Archive: 2014

1
Life Plans Inc. v. Security Life of Denver Ins. Co., No. 11 C 8449, 2014 WL 2879881 (N.D. Ill. June 25, 2014)
2
Black Diamond Mining Co. v. Genser, No. 12-125-ART, 2014 WL 3611329 (E.D. Ky. July 22, 2014)
3
Am. Gen. Life Ins. Co. v. Vistana Condominium Owners Assoc., No. 2:12-cv-01324-JAD-NJK, 2014 WL 2041950 (D. Nev. May 16, 2014)
4
Nat?l Jewish Health v. WebMD Health Servs. Grp., Inc., No. 12-cv-02834-WYD-MJW, 2014 WL 2118585 (D. Colo. May 21, 2014)
5
Chavis Van & Storage of Myrtle Beach v. United Van Lines LLC, No. 4:11CV1299 RWS, 2014 WL 1729152 (E.D. Mo. May 1, 2014)
6
Sexton v. Lecavalier, 11 F. Supp. 3d 439 (S.D.N.Y. Apr. 11, 2014)
7
Ackerman v. PNC Bank, N.A., No. 12-CV-42 (SNR/JSM), 2014 WL 258565 (D. Minn. Jan. 23, 2014)
8
Siltronic Corp. v. Employers Ins. Co. of Wausau, No. 3:11-cv-1493-ST, 2014 WL 991822 (D. Or. Mar. 13, 2014)
9
Bradfield v. Mid-Continent Cas. Co., No. 5:13-cf-222-Oc-10PRL, 2014 WL 4626864 (M.D. Fla. Sep. 15, 2014)
10
The Shaw Group Inc. v. Zurich Am. Ins. Co., No. 12-257-JJB-RLB, 2014 WL 4373210 (M.D. La. Sep. 3, 2014)

Life Plans Inc. v. Security Life of Denver Ins. Co., No. 11 C 8449, 2014 WL 2879881 (N.D. Ill. June 25, 2014)

Key Insight: Court denied request for costs of ?preparing electronic data to be converted to TIFF format? including ?data loading, data processing, and de-duplication and culling?; regarding OCR costs, the court acknowledged that there is ?less uniformity? about the issue of recovery and awarded costs for converting ESI into a ?readable format? (TIFF Conversion) – the equivalent of ?making copies? under 1920(4) – but denied costs for making that document searchable (OCR), noting that the requesting party had not ?shown why OCR was necessary to the production?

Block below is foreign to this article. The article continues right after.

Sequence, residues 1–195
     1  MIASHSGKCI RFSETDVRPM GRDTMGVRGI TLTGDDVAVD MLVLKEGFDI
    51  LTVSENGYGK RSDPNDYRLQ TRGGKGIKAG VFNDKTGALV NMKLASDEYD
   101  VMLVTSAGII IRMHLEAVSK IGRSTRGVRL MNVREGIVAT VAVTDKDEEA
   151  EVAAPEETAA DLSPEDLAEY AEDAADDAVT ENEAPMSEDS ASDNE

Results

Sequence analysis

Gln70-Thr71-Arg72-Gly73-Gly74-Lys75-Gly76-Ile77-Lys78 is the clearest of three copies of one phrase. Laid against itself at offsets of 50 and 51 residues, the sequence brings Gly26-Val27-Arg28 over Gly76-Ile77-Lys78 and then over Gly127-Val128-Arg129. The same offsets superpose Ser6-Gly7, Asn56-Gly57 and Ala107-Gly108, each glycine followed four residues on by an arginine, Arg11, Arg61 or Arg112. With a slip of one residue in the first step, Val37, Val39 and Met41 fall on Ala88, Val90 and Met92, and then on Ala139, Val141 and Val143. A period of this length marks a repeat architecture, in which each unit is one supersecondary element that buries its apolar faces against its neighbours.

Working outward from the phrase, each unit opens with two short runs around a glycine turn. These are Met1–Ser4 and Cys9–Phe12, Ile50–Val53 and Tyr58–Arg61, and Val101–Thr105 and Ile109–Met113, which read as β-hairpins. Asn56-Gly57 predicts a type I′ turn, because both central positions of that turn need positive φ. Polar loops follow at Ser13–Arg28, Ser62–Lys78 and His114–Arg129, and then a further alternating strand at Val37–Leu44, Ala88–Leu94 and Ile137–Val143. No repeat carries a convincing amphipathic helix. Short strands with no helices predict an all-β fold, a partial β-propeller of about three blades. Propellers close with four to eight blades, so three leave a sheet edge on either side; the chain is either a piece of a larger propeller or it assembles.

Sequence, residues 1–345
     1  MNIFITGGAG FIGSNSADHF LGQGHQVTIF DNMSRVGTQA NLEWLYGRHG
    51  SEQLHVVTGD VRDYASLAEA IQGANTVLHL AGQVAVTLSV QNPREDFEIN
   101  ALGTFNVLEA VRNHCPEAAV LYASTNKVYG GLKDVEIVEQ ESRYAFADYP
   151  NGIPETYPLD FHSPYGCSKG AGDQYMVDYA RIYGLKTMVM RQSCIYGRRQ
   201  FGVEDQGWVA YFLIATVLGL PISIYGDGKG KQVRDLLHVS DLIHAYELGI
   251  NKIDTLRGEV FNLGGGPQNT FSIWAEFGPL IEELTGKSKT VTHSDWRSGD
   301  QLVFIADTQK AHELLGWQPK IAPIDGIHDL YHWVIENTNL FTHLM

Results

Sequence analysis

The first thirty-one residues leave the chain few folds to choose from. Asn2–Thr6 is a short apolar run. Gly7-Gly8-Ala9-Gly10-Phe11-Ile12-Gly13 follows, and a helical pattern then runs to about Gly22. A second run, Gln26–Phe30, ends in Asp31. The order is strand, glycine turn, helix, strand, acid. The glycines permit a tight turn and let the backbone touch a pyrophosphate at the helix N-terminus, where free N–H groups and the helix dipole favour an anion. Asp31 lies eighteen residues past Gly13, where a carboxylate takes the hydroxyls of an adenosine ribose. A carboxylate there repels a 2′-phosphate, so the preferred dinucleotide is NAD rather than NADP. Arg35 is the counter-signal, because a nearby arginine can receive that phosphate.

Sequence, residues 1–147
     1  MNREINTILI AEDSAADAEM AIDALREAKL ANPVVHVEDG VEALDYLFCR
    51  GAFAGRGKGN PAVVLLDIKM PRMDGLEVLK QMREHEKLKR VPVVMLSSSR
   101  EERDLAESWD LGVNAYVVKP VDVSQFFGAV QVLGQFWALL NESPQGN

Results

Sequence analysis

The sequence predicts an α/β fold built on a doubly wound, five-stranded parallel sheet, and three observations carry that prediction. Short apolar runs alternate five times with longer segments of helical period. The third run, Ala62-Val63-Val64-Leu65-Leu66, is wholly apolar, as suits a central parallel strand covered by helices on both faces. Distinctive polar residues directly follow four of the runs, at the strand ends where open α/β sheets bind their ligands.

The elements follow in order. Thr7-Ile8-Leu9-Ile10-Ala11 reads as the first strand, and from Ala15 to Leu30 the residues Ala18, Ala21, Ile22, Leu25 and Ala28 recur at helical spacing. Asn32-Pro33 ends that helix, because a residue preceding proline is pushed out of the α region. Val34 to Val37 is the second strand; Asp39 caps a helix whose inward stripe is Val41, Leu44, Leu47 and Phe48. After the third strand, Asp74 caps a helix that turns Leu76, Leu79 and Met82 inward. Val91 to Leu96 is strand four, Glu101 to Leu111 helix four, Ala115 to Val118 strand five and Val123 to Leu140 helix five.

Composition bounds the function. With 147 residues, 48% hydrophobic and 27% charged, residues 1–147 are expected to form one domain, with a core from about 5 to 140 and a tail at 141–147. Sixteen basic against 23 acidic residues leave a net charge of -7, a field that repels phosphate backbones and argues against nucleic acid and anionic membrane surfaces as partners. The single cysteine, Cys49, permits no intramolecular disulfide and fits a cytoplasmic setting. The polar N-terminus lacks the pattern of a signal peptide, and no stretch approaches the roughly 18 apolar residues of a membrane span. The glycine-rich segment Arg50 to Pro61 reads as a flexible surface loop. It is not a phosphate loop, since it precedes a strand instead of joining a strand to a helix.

Electronic Data Involved: ESI Taxable costs

Black Diamond Mining Co. v. Genser, No. 12-125-ART, 2014 WL 3611329 (E.D. Ky. July 22, 2014)

Key Insight: Court addressed motion for sanctions and found that accused spoliators had acted intentionally and/or negligently, but not in bad faith; court found that sanctions were ?unwarranted? for the negligent loss of certain email attachments because of defendant?s failure to ?access documents in an archive while gathering the original emails?- even despite finding that defendant acted with a ?culpable state of mind? – where plaintiff failed to produce any evidence of the attachments? relevance (court noted that defendant did not ?actively delete the attachments? but rather its agents ?forgot to take steps to preserve the documents before they were deleted from the archive?); for individual actors? negligent and intentional failures to preserve ESI and hard copy documents, the court found that the ?test of relevance [was] satisfied? and imposed a permissive adverse inference, but declined to order reimbursement of the Trustee?s fees or the costs of bringing the motion

Electronic Data Involved: Email attachments, ESI, hard copy

Am. Gen. Life Ins. Co. v. Vistana Condominium Owners Assoc., No. 2:12-cv-01324-JAD-NJK, 2014 WL 2041950 (D. Nev. May 16, 2014)